North of the Square, Ennis Friary was founded by Donnchadh Cairbreach O'Brien, a king of Thomond, between 1240 and 1249. A mix of structures dating between the 13th and 19th centuries, the friary has a graceful five-section window dating from the late 13th century, a McMahon tomb (1460) with alabaster panels depicting scenes from the Passion, and a particularly fine Ecce Homo panel portraying a stripped and bound Christ.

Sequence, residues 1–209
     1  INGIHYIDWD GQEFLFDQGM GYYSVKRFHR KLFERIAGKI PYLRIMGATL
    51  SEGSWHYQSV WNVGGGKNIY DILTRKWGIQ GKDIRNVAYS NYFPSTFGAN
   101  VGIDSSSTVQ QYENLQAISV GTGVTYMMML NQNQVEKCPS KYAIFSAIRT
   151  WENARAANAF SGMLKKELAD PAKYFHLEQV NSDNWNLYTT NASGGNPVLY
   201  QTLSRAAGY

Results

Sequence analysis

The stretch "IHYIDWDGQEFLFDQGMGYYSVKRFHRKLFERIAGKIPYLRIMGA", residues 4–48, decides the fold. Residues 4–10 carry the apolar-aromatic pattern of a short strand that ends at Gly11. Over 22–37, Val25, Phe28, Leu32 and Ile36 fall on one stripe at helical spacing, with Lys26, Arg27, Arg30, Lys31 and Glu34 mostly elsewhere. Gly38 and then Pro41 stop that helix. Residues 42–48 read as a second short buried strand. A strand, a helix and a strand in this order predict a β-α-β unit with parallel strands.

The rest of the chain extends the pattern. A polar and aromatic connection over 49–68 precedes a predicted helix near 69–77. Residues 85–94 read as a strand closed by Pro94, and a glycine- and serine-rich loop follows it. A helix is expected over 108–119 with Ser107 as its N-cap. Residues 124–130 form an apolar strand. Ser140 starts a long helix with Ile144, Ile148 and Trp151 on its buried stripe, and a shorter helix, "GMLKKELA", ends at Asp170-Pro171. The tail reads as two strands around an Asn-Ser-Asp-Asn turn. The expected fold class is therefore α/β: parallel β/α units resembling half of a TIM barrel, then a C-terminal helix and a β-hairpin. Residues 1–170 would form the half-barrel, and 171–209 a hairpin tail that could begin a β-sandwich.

Objects associated with the Passion to look for include the rooster rising from a cooking pot, three dice, nails and various tools. The panel was possibly painted in earlier centuries. On the other side of the nave is a devotional relief carving of St Francis of Assisi (displaying stigmata), patron of the Franciscans who arrived in Ennis in the early 13th century. Further fascinating carvings associated with Jesus Christ and his crucifixion are displayed in glass cabinets in the nave.